Don't forget about the slides/presentation that were e-mailed recently!
__________________
"Mathematical Induction: How mathematicians manage to suck all the fun out of lining up a row of dominos, knocking the one on the end down, and watching the entire row fall." -BC
Skip it. - AG

AO Golfers Unite! Here and here.
Chase Sapphire Reserve Referral? clicky
Reply With Quote
  #4  
Old 11-19-2017, 01:59 AM
wat?'s Avatar
wat? wat? is offline
Member
SOA AAA
 
Join Date: May 2004
Location: Hi
Studying for beer
Favorite beer: Fresh Squeezed IPA
Posts: 33,170
Default



For those working in life valuation & reserving, whether you are planning to be (or are) an appointed actuary or not, I highly recommend attending the Life & Health Qualifications Seminar sometime.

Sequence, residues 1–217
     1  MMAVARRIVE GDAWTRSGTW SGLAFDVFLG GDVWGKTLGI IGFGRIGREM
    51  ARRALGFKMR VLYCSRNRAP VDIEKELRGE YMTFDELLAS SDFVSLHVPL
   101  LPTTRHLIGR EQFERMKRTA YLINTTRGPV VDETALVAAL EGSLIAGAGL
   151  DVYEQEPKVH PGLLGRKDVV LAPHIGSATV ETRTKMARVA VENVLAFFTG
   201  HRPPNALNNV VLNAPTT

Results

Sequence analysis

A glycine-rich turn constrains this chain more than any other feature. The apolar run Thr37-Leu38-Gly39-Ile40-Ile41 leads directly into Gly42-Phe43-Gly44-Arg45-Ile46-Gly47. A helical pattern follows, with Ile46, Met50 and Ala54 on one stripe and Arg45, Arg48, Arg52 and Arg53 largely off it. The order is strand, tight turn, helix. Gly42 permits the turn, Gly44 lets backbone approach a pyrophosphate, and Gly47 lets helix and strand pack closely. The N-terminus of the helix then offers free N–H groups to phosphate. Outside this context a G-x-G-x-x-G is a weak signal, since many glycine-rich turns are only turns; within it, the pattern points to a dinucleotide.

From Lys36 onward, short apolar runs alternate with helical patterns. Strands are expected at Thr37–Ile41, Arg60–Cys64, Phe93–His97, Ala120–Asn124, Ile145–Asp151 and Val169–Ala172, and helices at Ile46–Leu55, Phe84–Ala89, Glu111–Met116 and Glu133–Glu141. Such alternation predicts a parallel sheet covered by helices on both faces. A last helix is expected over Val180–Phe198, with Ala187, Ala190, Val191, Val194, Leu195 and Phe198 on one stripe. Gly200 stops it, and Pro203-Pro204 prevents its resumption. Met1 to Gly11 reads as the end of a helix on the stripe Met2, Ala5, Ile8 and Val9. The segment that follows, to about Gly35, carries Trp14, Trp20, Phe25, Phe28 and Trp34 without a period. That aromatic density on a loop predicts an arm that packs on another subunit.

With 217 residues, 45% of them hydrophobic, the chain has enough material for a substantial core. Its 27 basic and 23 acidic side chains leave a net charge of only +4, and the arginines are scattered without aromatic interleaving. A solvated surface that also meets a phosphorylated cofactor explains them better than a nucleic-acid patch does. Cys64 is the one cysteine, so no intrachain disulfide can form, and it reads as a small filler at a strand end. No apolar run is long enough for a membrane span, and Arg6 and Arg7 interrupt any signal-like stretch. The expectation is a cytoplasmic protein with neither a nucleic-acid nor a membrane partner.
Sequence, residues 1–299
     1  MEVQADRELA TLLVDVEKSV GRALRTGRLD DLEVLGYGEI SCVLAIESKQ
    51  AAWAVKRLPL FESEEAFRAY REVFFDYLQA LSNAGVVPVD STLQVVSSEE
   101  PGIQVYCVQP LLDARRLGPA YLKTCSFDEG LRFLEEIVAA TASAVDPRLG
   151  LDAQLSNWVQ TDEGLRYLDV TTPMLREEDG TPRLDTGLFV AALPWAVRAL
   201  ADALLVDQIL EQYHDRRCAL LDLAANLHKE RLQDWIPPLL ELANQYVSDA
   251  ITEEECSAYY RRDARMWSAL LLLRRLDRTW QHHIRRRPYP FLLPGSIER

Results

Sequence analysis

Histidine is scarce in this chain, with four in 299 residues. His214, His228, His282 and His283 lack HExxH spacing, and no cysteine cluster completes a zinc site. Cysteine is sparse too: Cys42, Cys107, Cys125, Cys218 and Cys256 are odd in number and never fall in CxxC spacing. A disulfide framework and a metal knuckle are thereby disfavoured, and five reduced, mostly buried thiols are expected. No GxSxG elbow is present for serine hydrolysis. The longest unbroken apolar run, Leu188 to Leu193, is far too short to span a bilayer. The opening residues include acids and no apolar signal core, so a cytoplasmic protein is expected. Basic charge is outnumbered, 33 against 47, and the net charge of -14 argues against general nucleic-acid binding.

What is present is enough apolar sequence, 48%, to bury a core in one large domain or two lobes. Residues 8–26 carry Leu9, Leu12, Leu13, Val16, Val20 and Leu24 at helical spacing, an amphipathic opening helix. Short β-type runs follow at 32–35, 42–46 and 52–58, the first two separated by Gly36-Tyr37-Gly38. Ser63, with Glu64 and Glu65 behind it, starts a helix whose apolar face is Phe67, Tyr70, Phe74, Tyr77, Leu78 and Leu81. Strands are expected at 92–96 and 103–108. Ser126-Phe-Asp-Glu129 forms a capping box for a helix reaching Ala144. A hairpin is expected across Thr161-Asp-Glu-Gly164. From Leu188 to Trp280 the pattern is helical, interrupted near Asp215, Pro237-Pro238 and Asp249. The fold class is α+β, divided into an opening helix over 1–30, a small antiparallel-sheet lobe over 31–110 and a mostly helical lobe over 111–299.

There are a lot of positives to speak about for this seminar:
- The volume of reading is intimidating (1,500 pages "required" reading, another 3K of optional reading), but most are good reference points for your work in valuation.
- The presentations manage to take that wide bank of information relevant in our industry (ASOPs, AGs, model regulations, Life & Health Valuation Manual, the Valuation Manual (not the same as the previous item), state regulations, developments in laws, etc.) and organize it in a fairly digestible manner over a few days.
- The case study sessions to dive deeper into some of the more intricate issues of Life & Health are extremely valuable - not just because you get to test yourself on the application of regulations, principles & laws, but you also get to discuss them openly with other actuaries with varying backgrounds. At the end of it all, you get to hear from instructors that are often times privy to the development of why these laws/principles in place, so you get context that is otherwise absent.